June 5 roundup

  • Everyone’s got an opinion on Dr. Flea’s trial-blogging fiasco [Beldar, Childs, Adler @ Volokh (lively comments including Ted), Turkewitz (who also provides huge link roundups here and here), KevinMD]
  • Sidebar: some other doctor-bloggers have shut down or curtailed posting lately amid pressures from disapproving employers and patient-privacy legal worries [KevinMD first, second posts; Distractible Mind, Blogaholic]
  • Amusement park unwisely allows “extremely large” woman to occupy two seats on the roller coaster, and everyone lands with a thump in court [Morris County, N.J. Daily Record via Childs]
  • Prosecutors all over are trying to live down the “Duke effect” [NLJ]; how to prevent the next such debacle [Cernovich]
  • Bad for their image: trial lawyers’ AAJ (formerly ATLA) files ethics complaint against Judge Roy Pearson Jr., of $65 million lost-pants-suit infamy [Legal Times]
  • More suits assert rights to “virtual property” in Second Life, World of Warcraft online simulations [Parloff]
  • Plea deals and immunity in the Conrad Black affair [Steyn, OC Register]
  • Another round in case of local blog sent nastygram for allegedly defaming the city of Pomona, Calif. [Foothill Cities; earlier]
  • “There once was a guy named Lerach…” — Milberg prosecution has reached the limerick stage [WSJ Law Blog comments]
  • Government of India plans to fight Americans’ claims of intellectual property over yoga postures [Times Online; earlier here and here]
  • After car-deer collision, lawyer goes after local residents who allegedly made accident more likely by feeding the creatures [seven years ago on Overlawyered]


  • The amusement park one: If she’d been refused access, what do you bet she’d have sued for discrimination?

    The Duke effect one: This
    is an example of the awful fallout of the case. More information here.

  • I’m not too thrilled about Joshua Marquis’s statement on the Duke case. The only reason that these guys were not tried and convicted was because of the media coverage. How many people are wrongly convicted or plead guilty to lesser charges because of a lack of this coverage. I’d like to see the position of District Attorney eliminated as an elected position.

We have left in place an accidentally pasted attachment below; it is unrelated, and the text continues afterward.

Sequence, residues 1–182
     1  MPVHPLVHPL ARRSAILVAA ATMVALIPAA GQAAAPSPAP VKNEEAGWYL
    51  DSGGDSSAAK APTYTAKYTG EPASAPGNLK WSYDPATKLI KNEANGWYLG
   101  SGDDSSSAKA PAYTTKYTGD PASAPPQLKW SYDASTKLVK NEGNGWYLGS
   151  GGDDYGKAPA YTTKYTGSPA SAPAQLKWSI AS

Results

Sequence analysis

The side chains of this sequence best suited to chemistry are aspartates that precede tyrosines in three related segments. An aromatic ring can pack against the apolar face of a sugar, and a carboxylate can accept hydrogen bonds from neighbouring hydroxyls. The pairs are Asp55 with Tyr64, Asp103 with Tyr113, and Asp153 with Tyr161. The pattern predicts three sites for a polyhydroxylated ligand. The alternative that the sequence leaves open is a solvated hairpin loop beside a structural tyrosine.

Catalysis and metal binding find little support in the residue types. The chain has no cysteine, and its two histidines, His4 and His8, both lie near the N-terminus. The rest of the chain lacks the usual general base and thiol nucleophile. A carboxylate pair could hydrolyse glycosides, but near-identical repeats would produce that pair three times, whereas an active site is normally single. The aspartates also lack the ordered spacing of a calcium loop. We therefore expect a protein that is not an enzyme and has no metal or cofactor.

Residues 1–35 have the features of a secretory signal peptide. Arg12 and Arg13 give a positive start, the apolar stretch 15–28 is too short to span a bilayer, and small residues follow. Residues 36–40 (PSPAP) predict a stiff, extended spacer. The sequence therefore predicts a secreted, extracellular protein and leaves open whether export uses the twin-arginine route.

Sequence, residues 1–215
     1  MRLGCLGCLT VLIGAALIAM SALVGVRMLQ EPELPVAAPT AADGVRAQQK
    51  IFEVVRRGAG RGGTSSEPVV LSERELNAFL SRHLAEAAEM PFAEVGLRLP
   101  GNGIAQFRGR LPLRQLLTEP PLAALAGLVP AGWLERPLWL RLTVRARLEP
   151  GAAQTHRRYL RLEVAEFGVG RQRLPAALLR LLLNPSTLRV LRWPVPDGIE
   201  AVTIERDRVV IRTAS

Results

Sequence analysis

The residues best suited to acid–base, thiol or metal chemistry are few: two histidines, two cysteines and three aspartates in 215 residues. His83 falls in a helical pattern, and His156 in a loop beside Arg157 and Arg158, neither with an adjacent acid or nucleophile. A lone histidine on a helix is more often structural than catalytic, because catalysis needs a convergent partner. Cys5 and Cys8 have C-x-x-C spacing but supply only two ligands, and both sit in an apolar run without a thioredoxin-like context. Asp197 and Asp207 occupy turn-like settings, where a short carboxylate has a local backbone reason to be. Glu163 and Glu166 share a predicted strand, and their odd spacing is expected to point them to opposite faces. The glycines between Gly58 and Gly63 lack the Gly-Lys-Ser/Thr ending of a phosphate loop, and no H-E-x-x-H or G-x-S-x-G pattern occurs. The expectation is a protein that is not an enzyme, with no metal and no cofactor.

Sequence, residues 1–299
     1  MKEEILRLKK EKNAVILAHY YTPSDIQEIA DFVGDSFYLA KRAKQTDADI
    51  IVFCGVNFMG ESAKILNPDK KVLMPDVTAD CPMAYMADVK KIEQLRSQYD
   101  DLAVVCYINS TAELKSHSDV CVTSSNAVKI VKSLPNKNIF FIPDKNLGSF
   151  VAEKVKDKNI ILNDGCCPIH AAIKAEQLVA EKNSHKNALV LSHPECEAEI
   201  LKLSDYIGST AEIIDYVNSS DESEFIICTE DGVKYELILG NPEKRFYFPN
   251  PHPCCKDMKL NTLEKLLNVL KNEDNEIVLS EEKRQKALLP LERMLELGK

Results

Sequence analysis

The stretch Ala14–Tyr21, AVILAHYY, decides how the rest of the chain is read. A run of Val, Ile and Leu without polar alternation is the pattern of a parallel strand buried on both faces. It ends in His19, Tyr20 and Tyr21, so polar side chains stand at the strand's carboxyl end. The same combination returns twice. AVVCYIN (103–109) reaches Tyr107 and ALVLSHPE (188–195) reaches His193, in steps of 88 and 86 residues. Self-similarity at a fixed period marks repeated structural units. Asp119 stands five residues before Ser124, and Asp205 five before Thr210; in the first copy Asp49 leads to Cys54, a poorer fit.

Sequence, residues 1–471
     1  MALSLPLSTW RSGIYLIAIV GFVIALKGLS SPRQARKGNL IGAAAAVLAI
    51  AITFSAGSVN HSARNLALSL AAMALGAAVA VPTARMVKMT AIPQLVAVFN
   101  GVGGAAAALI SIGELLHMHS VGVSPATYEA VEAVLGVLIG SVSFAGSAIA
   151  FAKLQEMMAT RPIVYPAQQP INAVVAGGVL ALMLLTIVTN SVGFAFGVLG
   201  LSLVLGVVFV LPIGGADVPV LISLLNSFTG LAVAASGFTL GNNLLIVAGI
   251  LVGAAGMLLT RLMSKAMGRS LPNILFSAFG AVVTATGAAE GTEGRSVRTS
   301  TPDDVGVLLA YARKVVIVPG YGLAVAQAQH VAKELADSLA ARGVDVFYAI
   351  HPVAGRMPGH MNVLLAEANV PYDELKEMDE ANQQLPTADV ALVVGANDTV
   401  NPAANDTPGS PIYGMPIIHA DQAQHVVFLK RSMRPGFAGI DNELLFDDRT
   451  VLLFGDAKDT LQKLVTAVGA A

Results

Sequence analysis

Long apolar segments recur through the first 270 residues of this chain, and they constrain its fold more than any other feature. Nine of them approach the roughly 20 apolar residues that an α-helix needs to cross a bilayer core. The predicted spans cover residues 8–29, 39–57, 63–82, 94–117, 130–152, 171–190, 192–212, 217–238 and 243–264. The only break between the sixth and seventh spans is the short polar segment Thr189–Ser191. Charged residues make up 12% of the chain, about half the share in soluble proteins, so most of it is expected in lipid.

• Jim
    I’m thinking it is much more likely that without media coverage and prosecutorial excesses in fanning the flames of community outrage, that the Duke players might have been tried, but would have been acquitted. The alleged victim’s story would have been just as surely picked apart in court as it was in the press.

    As far as the Duke effect goes, I would consider it malpractice if an attorney failed to invoke it in the zealous representation of a client.

  • jb,

    It seems to me that the De Anza case point to has little to do with Duke and more to do with the current state of the law in CA.

    I’m no lawyer and I find the events as described reprehensible. I will leave it to others to debate how we word a law to punish a deliberate rape and protect against alcohol induced consent and its revocation.

  • At least with regards to the Second Life thing, the guy may actually have a case– I’ve been following it somewhat.

  • I’m thinking it is much more likely that without media coverage and prosecutorial excesses in fanning the flames of community outrage, that the Duke players might have been tried, but would have been acquitted.

    It’s not that simple. With weak cases like the Duke players faced, prosecutors usually offer deals that are too good to refuse – probation and the opportunity to have the conviction expunged from one’s record after some short period of time. (This is the same type deal Rush Limbaugh took; it’s usually called deferred adjudication.)